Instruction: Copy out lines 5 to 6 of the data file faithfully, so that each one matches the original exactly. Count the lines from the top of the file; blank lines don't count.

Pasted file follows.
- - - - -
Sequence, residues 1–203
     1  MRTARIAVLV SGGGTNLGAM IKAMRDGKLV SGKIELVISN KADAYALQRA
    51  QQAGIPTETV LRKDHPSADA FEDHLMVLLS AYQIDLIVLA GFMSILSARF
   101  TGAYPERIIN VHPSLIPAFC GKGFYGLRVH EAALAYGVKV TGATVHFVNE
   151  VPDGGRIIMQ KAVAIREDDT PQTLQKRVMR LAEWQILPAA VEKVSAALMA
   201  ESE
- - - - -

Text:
   151  VPDGGRIIMQ KAVAIREDDT PQTLQKRVMR LAEWQILPAA VEKVSAALMA
   201  ESE